Dave is a PhD student at the California Institute of Technology in Pasadena, California, USA. He works with Tapio Schneider and Andrew Thompson on idealized models of the coupled ocean-atmosphere system. He received a B.S. in Atmospheric Sciences and Applied Mathematics from the University of Washington in Seattle, Washington, USA. He is currently visiting the Bjerknes Centre for Climate Research to work with Jakob Dörr and Marius Årthun on sources of low-frequency variability in Arctic and Antarctic sea ice.
Changes to the hydrological cycle over the 21st century are predicted to greatly impact ecosystems and socioeconomic activities throughout the world. The net freshwater flux into the surface — the difference between precipitation and evaporation (P-E) — affects the formation of water masses in the ocean, the availability of water over land, and the rate of ocean heat uptake by altering the vertical stratification of the ocean. While it is broadly expected that dry regions will get drier and wet regions will get wetter, the magnitude and spatial structure of these changes remains uncertain. In this talk, I will discuss ongoing work that examines how the pattern of radiative forcing, radiative feedbacks, and ocean heat uptake impacts the pattern of P-E under global warming. I will show how the radiative feedback structure impacts changes to the Hadley Cell strength and the poleward moisture flux under global warming. I will also explore how individual radiative feedbacks shape the response of P-E to global warming. Finally, I will briefly introduce a new conceptual model of the coupled ocean-atmosphere system that can be used to explore how ocean circulation affects the response of the climate system to a broad range of external forcing.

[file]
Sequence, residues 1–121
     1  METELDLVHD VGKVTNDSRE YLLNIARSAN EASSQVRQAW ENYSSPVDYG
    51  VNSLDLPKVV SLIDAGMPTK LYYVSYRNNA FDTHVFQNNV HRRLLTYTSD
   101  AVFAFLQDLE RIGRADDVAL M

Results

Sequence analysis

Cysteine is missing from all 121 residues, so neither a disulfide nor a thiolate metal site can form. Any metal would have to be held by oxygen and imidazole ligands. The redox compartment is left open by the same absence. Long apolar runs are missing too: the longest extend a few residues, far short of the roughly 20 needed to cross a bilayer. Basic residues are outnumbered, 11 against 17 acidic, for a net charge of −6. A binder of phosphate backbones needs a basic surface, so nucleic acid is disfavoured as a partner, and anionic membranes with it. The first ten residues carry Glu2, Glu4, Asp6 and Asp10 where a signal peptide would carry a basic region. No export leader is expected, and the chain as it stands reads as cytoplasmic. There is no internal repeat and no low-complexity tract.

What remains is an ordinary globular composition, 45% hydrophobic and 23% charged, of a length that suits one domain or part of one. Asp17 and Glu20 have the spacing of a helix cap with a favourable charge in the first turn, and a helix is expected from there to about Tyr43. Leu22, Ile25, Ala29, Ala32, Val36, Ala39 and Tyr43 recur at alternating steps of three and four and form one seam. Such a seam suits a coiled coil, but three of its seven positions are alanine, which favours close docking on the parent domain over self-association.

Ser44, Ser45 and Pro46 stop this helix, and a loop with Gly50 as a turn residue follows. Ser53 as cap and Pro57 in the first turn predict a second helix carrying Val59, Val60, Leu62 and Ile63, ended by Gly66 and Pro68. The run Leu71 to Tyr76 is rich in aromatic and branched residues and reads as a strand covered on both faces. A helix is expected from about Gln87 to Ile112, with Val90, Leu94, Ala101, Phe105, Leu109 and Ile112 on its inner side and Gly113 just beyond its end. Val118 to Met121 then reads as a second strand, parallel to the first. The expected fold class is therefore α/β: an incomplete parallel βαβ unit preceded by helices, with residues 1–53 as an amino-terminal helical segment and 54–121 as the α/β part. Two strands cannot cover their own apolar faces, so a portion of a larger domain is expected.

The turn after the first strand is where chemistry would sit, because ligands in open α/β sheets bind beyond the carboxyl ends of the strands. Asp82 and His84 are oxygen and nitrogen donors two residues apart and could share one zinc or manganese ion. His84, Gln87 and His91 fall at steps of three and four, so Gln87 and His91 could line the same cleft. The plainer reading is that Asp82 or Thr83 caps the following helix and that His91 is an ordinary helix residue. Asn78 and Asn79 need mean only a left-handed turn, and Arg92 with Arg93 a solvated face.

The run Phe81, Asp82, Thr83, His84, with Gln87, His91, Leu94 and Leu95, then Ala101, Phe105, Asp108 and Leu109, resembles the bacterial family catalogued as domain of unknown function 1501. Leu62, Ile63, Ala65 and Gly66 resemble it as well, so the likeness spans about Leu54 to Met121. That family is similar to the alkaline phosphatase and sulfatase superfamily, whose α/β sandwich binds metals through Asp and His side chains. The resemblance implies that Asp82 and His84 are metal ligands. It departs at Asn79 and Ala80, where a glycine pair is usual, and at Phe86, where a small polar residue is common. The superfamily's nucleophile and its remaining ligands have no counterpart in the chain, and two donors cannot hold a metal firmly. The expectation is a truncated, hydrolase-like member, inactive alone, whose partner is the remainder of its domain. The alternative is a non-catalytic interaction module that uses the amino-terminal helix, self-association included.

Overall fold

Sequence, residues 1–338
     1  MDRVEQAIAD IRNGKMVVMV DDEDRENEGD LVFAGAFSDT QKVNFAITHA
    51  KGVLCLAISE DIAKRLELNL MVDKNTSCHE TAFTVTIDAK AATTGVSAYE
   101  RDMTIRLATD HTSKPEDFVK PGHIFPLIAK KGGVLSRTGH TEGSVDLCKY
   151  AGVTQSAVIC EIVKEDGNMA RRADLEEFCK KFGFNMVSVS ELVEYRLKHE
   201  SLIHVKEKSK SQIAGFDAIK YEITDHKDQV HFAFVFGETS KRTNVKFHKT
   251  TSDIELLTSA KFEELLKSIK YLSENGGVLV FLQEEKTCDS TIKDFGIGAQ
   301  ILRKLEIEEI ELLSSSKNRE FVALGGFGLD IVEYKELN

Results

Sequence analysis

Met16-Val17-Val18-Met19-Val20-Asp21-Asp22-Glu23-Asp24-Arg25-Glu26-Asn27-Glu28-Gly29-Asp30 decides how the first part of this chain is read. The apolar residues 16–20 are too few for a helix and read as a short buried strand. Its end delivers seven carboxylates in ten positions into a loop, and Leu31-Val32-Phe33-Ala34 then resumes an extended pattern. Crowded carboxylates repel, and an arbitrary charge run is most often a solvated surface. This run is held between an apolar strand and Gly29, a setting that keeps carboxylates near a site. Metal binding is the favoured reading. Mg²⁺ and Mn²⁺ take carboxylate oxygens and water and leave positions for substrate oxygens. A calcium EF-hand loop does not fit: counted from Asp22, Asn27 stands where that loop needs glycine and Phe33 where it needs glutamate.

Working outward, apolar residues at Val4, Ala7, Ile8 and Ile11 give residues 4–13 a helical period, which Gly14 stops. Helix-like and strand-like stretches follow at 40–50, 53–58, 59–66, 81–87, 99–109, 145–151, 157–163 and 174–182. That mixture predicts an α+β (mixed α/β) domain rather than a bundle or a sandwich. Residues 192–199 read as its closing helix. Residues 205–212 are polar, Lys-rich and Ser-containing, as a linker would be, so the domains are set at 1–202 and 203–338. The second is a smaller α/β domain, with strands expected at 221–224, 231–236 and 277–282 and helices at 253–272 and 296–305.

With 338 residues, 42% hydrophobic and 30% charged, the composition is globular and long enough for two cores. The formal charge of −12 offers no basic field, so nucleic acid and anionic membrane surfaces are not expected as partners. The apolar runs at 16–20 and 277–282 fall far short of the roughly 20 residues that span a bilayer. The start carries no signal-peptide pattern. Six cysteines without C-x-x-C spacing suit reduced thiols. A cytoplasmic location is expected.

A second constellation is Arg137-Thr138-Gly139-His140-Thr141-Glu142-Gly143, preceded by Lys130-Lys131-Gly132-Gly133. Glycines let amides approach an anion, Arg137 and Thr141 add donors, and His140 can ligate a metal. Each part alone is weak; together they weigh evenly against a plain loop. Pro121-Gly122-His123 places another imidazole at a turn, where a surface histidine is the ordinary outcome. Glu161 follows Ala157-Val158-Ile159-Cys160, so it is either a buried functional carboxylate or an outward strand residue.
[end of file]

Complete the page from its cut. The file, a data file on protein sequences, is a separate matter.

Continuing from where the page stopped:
Arranged date for the seminar talk: Oct 10, 2022 at 14:15, BCCR lecture room 4020, Jahnebakken 5